Overview

This page describes the upgraded CRIRES, currently installed at UT3. An overview for the original (pre-upgrade, pre-August 2014) CRIRES can be found clicking this link.

The VLT cryogenic high-resolution infrared cross dispersed echelle spectrograph CRIRES provides a resolving power of at least either 40,000 (0.4" slit) or 80,000 (0.2" slit) in the spectral range from 0.95 to 5.3μm. As part of the upgrade, linear and circular polarisation capabilities have been added in the YJ and HK bands. CRIRES offers relatively high spatial (extended sources), spectral and temporal resolution. Spectral coverage is maximized through the use of a cross disperser and a mosaic of three Hawaii H2RG arrays providing an effective 6144 x 2048 pixel focal plane detector. Adaptive Optics (MACAO - Multi-Applications Curvature Adaptive optics) is used to feed the light into the slit and thereby enhance the signal-to-noise ratio of the observations. The main characteristics of the instrument modes are summarized below (for more details on the instrument performance, see the Instrument Description).

 

Wavelength range
0.95 - 5.3 μm
Minimum spectral resolving power
40,000 (0.4" slit) or 80,000 (0.2" slit)
Slit widths
Fixed slits with 0.2 and 0.4 arcsec width
Slit length
10 arcsec
Adaptive optics feed
60 actuators curvature sensing system
Calibration system
Integrating sphere + cont.+ line lamps + gas-cells + fabry perot + HCL
Slit viewer
H2RG array with J, H, K, 2 neutral density H filters, one ND K filters.
Slit viewer pixel scale 0.038 arcsec per pixel
Cross-disperser wheel
Six gratings, being Y, J, K, H, L M
Settings needed to cover each band Y (2), J (2), H (4), K (4), L (7), M (9). Settings are non continuous! Click here to see a plot summarizing the 29 wavelength settings.
Echelle grating
40 x 20 cm, 31.6 lines/mm, 63.5 deg. blaze
Polarimetry Line polarisation in YH and JK bands (circular and linear)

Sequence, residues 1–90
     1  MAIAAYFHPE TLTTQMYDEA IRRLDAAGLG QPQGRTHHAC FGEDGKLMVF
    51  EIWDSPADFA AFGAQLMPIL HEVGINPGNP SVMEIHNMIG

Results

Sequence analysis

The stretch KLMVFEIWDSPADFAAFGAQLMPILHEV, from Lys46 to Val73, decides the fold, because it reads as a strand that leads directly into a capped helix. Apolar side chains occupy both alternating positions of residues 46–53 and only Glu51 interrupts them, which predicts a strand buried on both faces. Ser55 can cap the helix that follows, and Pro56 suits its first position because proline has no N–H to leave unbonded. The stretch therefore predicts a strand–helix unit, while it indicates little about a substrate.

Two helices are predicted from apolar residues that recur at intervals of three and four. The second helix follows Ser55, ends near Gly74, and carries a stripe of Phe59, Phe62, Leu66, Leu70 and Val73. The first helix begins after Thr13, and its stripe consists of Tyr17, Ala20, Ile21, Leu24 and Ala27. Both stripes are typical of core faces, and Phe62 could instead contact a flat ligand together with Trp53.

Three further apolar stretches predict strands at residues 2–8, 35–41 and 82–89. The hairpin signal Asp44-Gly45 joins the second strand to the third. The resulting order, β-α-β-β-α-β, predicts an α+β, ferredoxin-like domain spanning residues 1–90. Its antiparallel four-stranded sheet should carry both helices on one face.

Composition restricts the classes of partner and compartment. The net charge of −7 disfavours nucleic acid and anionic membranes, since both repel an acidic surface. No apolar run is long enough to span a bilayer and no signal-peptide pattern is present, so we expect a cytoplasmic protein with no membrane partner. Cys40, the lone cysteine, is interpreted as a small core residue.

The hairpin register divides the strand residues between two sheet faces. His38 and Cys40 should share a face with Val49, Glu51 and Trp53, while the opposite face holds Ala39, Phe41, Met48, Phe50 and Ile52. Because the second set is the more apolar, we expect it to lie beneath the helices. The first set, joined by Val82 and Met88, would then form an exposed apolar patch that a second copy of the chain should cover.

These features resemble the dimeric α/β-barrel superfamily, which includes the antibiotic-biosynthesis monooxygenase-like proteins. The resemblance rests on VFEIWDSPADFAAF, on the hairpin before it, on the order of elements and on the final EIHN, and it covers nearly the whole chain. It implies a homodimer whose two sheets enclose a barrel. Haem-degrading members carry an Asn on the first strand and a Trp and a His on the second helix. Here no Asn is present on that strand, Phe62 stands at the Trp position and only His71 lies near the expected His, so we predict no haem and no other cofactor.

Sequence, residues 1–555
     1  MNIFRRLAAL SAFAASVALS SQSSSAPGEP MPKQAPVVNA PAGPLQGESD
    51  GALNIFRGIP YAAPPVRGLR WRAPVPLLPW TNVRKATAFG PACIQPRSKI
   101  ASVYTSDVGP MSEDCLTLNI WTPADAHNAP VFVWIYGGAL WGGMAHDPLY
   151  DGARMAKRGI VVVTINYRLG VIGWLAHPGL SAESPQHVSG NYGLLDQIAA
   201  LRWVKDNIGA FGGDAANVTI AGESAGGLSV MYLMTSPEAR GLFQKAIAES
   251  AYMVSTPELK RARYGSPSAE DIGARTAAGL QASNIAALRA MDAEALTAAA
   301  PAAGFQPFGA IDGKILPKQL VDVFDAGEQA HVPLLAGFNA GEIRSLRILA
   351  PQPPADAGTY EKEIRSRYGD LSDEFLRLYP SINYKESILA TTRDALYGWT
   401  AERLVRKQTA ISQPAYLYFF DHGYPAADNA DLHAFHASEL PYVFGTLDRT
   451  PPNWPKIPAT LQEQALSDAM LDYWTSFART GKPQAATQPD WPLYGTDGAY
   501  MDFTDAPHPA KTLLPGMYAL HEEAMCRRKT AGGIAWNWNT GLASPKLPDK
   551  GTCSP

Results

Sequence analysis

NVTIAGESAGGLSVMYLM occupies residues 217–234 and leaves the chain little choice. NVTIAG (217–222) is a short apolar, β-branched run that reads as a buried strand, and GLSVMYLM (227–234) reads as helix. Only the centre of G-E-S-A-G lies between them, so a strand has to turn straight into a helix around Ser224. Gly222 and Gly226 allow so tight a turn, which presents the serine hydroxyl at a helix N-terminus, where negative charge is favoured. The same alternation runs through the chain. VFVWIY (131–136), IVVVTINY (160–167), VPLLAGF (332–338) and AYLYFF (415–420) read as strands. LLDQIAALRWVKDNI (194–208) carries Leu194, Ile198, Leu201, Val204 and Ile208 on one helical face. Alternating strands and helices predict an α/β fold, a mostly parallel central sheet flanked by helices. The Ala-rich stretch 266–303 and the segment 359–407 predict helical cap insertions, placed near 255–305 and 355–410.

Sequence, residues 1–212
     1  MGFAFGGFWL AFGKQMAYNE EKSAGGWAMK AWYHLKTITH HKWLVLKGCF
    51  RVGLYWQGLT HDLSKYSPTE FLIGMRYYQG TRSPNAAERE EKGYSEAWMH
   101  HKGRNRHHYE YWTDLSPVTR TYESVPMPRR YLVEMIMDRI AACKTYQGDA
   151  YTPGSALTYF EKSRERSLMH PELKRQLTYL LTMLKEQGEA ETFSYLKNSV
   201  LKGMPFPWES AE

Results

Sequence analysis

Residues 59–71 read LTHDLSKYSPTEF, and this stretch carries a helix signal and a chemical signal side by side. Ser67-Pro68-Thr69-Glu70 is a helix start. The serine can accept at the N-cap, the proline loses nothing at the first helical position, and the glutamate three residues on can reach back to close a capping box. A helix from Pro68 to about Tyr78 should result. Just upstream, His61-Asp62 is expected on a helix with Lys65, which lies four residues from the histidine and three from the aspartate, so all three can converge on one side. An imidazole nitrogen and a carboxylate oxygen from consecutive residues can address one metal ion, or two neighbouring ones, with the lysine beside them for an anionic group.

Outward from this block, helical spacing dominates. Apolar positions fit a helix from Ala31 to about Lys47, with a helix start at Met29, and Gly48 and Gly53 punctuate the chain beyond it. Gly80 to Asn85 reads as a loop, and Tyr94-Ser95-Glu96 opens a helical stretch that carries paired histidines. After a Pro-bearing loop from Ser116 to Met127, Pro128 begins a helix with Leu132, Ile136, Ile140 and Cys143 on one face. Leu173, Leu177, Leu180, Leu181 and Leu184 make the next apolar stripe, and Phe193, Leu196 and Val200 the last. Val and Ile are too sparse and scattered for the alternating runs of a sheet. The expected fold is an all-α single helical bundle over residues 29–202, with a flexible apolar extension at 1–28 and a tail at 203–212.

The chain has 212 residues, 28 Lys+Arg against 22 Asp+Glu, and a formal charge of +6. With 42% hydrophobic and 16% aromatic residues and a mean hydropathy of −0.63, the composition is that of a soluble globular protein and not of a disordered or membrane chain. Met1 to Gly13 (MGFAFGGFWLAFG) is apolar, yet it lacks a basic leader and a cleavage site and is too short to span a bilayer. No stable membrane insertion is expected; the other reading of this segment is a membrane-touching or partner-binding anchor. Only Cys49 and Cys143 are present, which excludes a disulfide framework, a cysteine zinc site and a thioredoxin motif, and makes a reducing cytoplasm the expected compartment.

Detector array
6144x2048 px array comprising three Hawaii 2RG detectors
Science detector pixel scale 0.058 arcsec per pixel

 

Science Objectives

Exoplanets

  • Radial velocity studies to detect and follow-up exoplanets (especially those who linger around M-dwarfs).
  • Direct spectroscopic detection and characterization of exoplanet atmospheres

Solar System

  • Chemistry, physical conditions, velocity fields, structure
  • Molecular species in giant planets and Titan
  • Terrestrial planet atmospheres; Mapping of CO depletion in the atmosphere of Mars
  • Mapping of volcanic activity (SO2) in Io
  • Search for tenous CO, CH4 atmosphere in Pluto / Charon / Triton
  • Abundances, temperatures, velocities of comets

Stars

  • Stellar evolution, nucleosynthesis (OB, AGB stars, cluster redgiants, cool MS, C & S stars in galaxy, S/LMC, nearbyglaxies), CNO isotopic abundances unique in IR.
  • Stellar mass: atomic, molecular lines from secondaries
  • Stellar winds, mass loss of OB, WR, AGB stars in galaxy and SMC, LMC based on CO,SiO,C2H2, HCN
  • Atmospheric structure & oscillations in cool stars
  • Magnetic fields

Star forming regions / ISM

  • Accretion, outflow from embedded young stellar objects (YSOs)
  • ISM chemistry, cloud structure using H3+, H2O, CH4, C2H2, NH3

Extragalactic

  • Active galactic nuclei (AGNs): Velocity structure of BLR, NLR, CLR & molecular clouds, Hrecombination, [FeII], [SiIV], H2 lines suffering low dustextinction